Using climate science to inform policy on peri-urban issues in Africa

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Anna Taylor, one of ACC’s Mistra Urban Futures researchers, recently participated in a workshop to co-produce a methodology for using climate science information to develop policy messages pertaining to peri-urban areas in Africa. The event was convened by START and UCT’s Climate Systems Analysis Group, with funding from CDKN, and hosted by the University of Dar es Salaam in Tanzania. Teams from five African cities participated, namely Addis Ababa in Ethiopia, Dar es Salaam in Tanzania, Kampala in Uganda, Lusaka in Zambia and Maputo in Mozambique. The teams from each city consisted of people working in the national meteorological services, universities and various local and national government agencies, notable urban planning and agriculture.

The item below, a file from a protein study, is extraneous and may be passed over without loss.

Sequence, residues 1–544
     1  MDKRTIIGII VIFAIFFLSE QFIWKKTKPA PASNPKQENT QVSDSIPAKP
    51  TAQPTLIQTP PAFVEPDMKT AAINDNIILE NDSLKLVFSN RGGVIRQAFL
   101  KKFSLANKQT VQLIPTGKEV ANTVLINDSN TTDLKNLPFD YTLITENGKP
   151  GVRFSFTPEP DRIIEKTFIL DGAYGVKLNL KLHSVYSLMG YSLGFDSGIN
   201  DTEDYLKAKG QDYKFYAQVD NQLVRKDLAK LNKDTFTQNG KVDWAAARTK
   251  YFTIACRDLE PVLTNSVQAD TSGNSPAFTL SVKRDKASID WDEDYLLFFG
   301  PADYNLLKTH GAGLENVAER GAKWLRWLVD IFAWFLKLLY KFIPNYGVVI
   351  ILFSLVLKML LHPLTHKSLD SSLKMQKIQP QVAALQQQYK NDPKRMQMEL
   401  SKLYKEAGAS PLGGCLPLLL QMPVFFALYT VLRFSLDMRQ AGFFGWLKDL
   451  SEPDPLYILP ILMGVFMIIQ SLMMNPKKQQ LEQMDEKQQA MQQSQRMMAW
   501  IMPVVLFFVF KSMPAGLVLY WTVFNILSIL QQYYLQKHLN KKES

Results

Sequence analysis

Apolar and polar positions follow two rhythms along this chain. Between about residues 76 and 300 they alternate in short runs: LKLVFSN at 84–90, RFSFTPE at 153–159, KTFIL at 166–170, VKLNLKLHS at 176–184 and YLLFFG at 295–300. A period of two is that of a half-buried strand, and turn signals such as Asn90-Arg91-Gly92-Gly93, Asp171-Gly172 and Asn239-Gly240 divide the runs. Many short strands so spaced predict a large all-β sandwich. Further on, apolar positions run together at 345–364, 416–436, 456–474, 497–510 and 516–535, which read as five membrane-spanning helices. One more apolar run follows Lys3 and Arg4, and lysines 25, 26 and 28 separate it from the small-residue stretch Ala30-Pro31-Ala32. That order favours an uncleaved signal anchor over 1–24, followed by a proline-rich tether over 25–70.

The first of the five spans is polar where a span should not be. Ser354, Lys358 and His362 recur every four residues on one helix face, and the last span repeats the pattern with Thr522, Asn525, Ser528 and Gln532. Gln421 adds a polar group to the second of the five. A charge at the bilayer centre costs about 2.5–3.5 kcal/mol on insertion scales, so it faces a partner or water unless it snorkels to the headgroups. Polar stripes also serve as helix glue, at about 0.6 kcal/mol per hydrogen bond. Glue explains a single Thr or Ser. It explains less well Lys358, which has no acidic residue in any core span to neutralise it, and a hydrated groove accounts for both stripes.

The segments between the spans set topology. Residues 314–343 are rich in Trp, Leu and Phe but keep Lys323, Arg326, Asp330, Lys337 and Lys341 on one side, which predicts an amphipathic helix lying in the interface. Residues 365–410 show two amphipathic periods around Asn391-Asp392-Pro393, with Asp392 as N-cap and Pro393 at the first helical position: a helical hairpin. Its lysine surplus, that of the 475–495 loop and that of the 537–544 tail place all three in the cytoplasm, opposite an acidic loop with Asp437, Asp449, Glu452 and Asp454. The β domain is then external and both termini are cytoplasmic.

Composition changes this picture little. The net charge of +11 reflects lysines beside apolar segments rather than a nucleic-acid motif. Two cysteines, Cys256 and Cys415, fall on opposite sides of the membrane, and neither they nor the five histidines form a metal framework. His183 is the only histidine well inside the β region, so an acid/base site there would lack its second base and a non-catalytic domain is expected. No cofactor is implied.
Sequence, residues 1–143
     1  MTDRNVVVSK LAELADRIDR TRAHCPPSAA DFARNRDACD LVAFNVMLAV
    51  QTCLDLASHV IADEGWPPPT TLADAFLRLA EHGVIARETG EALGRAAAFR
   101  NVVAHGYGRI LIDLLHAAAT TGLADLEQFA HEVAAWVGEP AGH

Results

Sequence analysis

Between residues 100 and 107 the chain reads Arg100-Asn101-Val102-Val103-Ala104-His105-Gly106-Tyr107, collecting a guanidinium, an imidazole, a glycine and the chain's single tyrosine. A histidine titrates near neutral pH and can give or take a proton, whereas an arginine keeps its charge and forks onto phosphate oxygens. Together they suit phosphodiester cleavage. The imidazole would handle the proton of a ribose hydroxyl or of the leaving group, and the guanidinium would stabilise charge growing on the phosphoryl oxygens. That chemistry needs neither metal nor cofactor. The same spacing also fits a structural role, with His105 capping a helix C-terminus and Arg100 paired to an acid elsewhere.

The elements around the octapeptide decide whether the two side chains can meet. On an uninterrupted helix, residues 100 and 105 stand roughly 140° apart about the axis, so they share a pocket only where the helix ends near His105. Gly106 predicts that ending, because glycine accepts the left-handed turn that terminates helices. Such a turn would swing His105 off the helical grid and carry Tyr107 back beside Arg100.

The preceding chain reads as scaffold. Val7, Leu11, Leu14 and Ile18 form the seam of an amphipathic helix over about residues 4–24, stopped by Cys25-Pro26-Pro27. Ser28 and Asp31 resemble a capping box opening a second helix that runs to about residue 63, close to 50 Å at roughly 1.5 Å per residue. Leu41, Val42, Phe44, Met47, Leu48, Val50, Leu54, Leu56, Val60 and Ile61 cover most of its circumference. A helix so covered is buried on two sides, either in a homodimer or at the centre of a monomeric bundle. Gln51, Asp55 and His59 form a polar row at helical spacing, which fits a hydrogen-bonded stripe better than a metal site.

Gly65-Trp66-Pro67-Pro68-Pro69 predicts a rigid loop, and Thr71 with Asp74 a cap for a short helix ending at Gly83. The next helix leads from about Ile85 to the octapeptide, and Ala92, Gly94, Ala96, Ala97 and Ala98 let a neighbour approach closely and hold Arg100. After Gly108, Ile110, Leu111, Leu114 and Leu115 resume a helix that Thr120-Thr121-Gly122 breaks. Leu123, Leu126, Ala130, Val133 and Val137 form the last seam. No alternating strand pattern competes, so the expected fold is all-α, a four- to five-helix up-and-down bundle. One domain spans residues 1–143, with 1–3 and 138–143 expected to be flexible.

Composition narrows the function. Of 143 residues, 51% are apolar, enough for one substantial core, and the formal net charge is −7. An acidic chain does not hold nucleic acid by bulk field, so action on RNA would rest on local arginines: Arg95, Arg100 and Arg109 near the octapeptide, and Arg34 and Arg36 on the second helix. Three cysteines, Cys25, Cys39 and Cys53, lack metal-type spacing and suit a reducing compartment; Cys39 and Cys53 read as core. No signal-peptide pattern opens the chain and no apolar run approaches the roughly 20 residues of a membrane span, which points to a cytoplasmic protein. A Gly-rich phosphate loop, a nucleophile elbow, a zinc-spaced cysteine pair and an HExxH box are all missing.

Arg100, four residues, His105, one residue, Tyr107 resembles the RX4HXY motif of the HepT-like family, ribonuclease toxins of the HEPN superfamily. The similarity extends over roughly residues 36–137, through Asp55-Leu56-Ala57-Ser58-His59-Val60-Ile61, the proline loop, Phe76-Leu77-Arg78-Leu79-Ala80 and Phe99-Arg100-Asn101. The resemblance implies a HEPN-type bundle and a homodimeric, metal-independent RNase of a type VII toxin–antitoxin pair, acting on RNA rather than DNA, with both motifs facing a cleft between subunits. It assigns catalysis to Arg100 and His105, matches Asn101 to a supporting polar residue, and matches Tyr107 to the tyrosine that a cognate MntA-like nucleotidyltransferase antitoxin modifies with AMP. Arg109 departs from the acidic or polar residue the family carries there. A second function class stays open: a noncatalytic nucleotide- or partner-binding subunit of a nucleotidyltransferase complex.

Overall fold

The deliberations focussed on applying a systems lens to peri-urban areas, identifying the economic and livelihood activities that are practiced there, the infrastructures that exist there and the services provided there. The infrastructures include both those that are constructed (roads, drainage pipes, etc.) and those that are naturally occurring (e.g. rivers, wetlands, beaches, etc.). Similarly services include those that are provided by people (e.g. primary health care, reticulated water, electricity, waste removal, etc.) and those that are provided by ecosystems (e.g. water retention, natural green spaces, fish stocks, etc.). We then looked at how various climatic and non-climatic stressors impact on these elements, first singularly and then in combination, to understand where key climate sensitivities lie. Then came an engagement with relevant climate science information generated from numerous global circulation models (GCMs), observational data collected at local weather stations and statistically downscaled projections for these stations. This involved looking across the different sources to see where there was convergence and divergence in the results and what could thereby be concluded as a basis for developing robust, defensible and actionable policy messages. Having reflected on the steps taken by each of the 5 city groups in the workshop, a refined version of the methodology will now be further developed so that it can be applied elsewhere and with additional constituencies in the same cities.